Posted By News On August 11, 2016 - 3:08pm
Eight people who have spent years paralyzed from spinal cord injuries have regained partial sensation and muscle control in their lower limbs after training with brain-controlled robotics, according to a study published Aug. 11 in Scientific Reports.
The patients used brain-machine interfaces, including a virtual reality system that used their own brain activity to simulate full control of their legs. Videos accompanying the study illustrate their progress.
Posted By News On August 11, 2016 - 2:56pm
During the 2014 FIFA World Cup opening ceremony, a young Brazilian man, paralyzed from the chest down, delivered the opening kickoff. He used a brain-machine interface, allowing him to control the movements of a lower-limb robotic exoskeleton.
This unprecedented scientific demonstration was the work of the Walk Again Project (WAP), a nonprofit, international research consortium that includes Alan Rudolph, vice president for research at Colorado State University, who is also an adjunct faculty member at Duke University's Center for Neuroengineering.
Posted By News On August 11, 2016 - 2:37pm
Without having tasted a specific new juice mix before, an orangutan in a Swedish zoo has enough sense to know whether it will taste nice or not based on how he recombined relevant memories from the past. Only humans were previously thought to have this ability of affective forecasting, in which prior experiences are used to conjure up mental pictures about totally new situations, says Gabriela-Alina Sauciuc of Lund University in Sweden, in Springer's journal Animal Cognition.
Posted By News On August 11, 2016 - 2:36pm
In a study spanning molecular genetics, stem cells and the sciences of both brain and behavior, researchers at University of California San Diego, with colleagues at the Salk Institute of Biological Studies and elsewhere, have created a neurodevelopmental model of a rare genetic disorder that may provide new insights into the underlying neurobiology of the human social brain.
The findings are published in the August 10 online edition of Nature.
Posted By News On August 11, 2016 - 1:49pm
As indicated by their name, photoreceptor cells in the eye respond to light: is an image point bright or dark? They do not indicate the direction of a movement. This perception only arises in the brain through the comparative computations of light signals coming from adjacent image points. Engineers, physicists and neurobiologists have been debating the exact nature of these computations for around 50 years.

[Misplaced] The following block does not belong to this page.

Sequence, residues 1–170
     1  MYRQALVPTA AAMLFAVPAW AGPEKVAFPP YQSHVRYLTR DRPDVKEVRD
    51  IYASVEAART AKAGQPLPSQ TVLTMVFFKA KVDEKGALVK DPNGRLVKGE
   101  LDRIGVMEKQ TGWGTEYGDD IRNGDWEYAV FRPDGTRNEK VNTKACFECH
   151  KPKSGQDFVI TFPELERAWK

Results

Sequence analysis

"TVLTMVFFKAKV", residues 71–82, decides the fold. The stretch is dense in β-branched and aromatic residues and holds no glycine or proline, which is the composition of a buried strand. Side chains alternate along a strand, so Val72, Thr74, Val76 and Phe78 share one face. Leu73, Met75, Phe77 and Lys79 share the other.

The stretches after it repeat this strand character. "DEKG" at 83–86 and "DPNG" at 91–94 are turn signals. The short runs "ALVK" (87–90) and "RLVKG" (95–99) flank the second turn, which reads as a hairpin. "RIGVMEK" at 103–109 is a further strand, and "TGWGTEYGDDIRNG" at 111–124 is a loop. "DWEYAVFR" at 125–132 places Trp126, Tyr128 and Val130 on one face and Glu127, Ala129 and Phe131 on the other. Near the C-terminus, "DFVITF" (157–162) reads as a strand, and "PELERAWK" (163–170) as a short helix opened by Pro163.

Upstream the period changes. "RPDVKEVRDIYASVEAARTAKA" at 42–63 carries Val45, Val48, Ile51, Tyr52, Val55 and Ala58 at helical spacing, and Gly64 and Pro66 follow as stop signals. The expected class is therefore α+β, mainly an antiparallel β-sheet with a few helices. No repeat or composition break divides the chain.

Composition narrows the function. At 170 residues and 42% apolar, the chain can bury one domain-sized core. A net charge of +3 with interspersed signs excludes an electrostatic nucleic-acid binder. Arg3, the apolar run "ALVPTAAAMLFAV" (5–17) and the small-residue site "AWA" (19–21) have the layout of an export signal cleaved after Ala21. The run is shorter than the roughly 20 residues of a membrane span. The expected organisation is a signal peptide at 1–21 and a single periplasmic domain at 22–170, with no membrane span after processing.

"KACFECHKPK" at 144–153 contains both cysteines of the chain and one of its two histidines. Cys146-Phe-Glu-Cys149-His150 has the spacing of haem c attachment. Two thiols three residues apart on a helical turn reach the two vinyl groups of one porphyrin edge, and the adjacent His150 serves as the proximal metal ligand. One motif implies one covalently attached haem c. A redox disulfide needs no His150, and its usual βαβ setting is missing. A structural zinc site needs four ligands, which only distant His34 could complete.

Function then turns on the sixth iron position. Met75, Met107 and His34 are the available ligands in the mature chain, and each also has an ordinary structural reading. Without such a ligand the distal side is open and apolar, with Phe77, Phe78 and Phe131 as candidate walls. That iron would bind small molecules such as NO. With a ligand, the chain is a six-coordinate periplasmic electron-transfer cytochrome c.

Posted By News On August 11, 2016 - 1:38pm
EAST LANSING, Mich. -- Condescending comments, put-downs and sarcasm have become commonplace in the politically charged workplace, and a new study co-authored by a Michigan State University business scholar shows how this incivility may be spreading.
Reporting in the Journal of Applied Psychology, Russell Johnson and colleagues found that experiencing such rude behavior reduces employees' self-control and leads them to act in a similar uncivil manner.
Posted By News On August 12, 2016 - 1:17pm
LAWRENCE -- CEOs and corporate lobbyists often spend plenty of time decrying how potential government regulations will affect their bottom line, but a new University of Kansas study finds that the U.S. Clean Water Act, when implemented in the right balance, improves firms' profitability.
Posted By News On August 11, 2016 - 3:03pm
On June 12th 2014, the Walk Again Project (WAP), a non-profit international research consortium, performed a unique scientific demonstration, during the opening ceremony of the Soccer World Cup in Brazil. During that demo, a young Brazilian man paralyzed from his chest down, delivered the opening kickoff of the World Cup by using a brain-machine interface that allowed him to control the movements of a lower-limb robotic exoskeleton, while receiving tactile feedback from the exo's feet.
Posted By News On August 11, 2016 - 1:46pm
The use of smartphones and tablet computers during evening hours has previously been associated with sleep disturbances in humans. A new study from Uppsala University now shows that daytime light exposure may be a promising means to combat sleep disturbances associated with evening use of electronic devices. The findings are published in the scientific journal Sleep Medicine.
Posted By News On August 11, 2016 - 1:07pm
We are "culturally biased" right from the cradle and we tend to prefer information we receive from native speakers of our language, even when this information is not transmitted through verbal speech. Hanna Marno, researcher at the International School for Advanced Studies (SISSA) of Trieste (together with other colleagues among whom Jacques Mehler and Marina Nespor, professors at SISSA, -that coordinated the study- and Yamil Vidal, SISSA Ph.D.